Fingernails and Health, The Inside on The Outside

December 11th, 2010



People don’t normally associate their fingernails and health, but they should. Fingernails have a purpose beyond just sitting on the ends of our fingers as a fashion accessory or a backscratcher. They can tell a story about our health to people who know how to read the signs our fingernails are displaying. It’s a much larger story than the one our fingernail tells us when it’s been smashed in the door, or hit with a hammer, or suffering the pain of being ingrown. The story is much larger because it goes much deeper and it can tell us what’s happened to us, what’s happening to us now, and what’s going to happen in the future as far as our health goes.fingernails and health

Color is important when it comes to fingernails and health. White nails, pale nails, and nails that are half white and half pink all have a tale to tell. White could mean liver disease, pale or white could mean your anemic, and the half white/half pink could indicate a problem with your kidneys. Yellow nails could be more than just nicotine from you cigarettes, if they are also thick and don’t grow very fast it could mean you have a lung disease. Or it could be something as simple as a fungus infection. A yellow looking nail with pink at the base may be an indication you’re diabetic. If the beds of your fingernails are red, you might want to get checked for heart disease. White spots on fingernails can be indicative of a vitamin deficiency of some kind. It doesn’t hurt to be aware of what the color of your fingernails can mean in regards to your health.

There are other signs of health related issues fingernails present besides color when things inside aren’t quite right. If you ever notice your nails seem to be pitting or you feel ripples when you feel the tops of your fingernails either of those signs can mean psoriasis or even inflammatory arthritis. Ridges can mean your not getting enough to eat or you’re not able to absorb nutrients from your food. Dry, brittle nails can mean a thyroid problem and biting or picking of the fingernail could mean obsessive/compulsive tendencies. Excess skin at the tips of your fingers and inverted nails could mean lung disease. Irregular red lines or dark lines under the fingernails can indicate something as sinister as Lupus or Melanoma. No one ever thinks of their fingernail as being a diagnostic tool but it’s actually a pretty good one. Our fingernails and health seem to go hand in hand.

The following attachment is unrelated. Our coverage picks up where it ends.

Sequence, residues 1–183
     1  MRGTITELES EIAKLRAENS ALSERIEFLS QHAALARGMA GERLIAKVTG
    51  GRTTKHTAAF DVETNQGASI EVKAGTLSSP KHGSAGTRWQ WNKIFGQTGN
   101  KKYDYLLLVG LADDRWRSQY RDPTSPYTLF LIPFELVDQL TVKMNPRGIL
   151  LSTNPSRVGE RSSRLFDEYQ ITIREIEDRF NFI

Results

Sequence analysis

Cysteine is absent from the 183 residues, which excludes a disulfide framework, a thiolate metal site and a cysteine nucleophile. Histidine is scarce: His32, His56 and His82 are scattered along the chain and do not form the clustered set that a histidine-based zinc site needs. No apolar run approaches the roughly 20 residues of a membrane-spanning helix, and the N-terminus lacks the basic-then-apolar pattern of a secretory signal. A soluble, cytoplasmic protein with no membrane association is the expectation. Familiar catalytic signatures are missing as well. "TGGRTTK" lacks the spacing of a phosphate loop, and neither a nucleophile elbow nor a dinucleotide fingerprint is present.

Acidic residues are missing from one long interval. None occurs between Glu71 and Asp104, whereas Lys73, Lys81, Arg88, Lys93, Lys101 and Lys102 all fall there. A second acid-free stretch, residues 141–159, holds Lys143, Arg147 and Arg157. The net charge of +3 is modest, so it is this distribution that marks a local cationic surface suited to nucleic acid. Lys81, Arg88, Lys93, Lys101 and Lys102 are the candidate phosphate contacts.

Keep Your Fingernails Looking Beautiful With Vitamins

December 14th, 2010



Your fingernails need more than a good trim and polish to look their best. In fact, fingernails can benefit greatly from a healthy diet and vitamins. It’s important to learn which vitamins will keep your nails looking their best. Fingernail care has grown in popularity over the years. From pretty pastels to the starkness of deep dark primary colors, your fingernails can give a statement about you to the rest of the world.

So, what are the best vitamins you can take for nail beauty? First of all, following a balanced diet can provide the vitamins and nutrients you need. Nails are made of keratin, a form of protein. In turn, nails require more protein to help build calcium. Eating meats such as fish and chicken are healthy ways to ingest the protein you need for your nails. Calcium and iron help keep your nails strong rather than brittle and prone to breaking.

Silica is important for strengthening nails. It can be found in such supplements as nettle, horsetail and oatstraw. Amino acids and vitamins C and E will help build keratin in nails while vitamin B helps prevent ridges. Flaxseed or evening primrose oil will help keep nails from cracking. Ingrown nails can be treated with a paste of alum and water while nail fungus can be prevented by using tea tree oil. Zinc can be helpful in treating white spots, which some women get before their periods.

What kind of diet and supplements are necessary in order to receive benefits for your nails? Prenatal vitamins are one source of fingernail needs. Pregnant women often have strong and beautiful nails as a side effect to the potent vitamins they take for healthy baby growth during pregnancy. These same vitamins offer many of the supplements needed for healthy nails. Eating foods rich in nail friendly supplements can make a great difference in your nails as well.

Picking the best vitamin supplement can be difficult. Many nutrition companies offer supplements designed to promote healthy nails. Other products such as creams, solutions and buffers help with nail care, keeping them strong, shiny and healthy. A whole wealth of products are available in a variety of costs from which you can choose.

It’s easy to have beautiful and healthy fingernails. By eating a healthy diet as well as taking recommended vitamins and minerals, the nails you’ve always wanted are only a supplement away.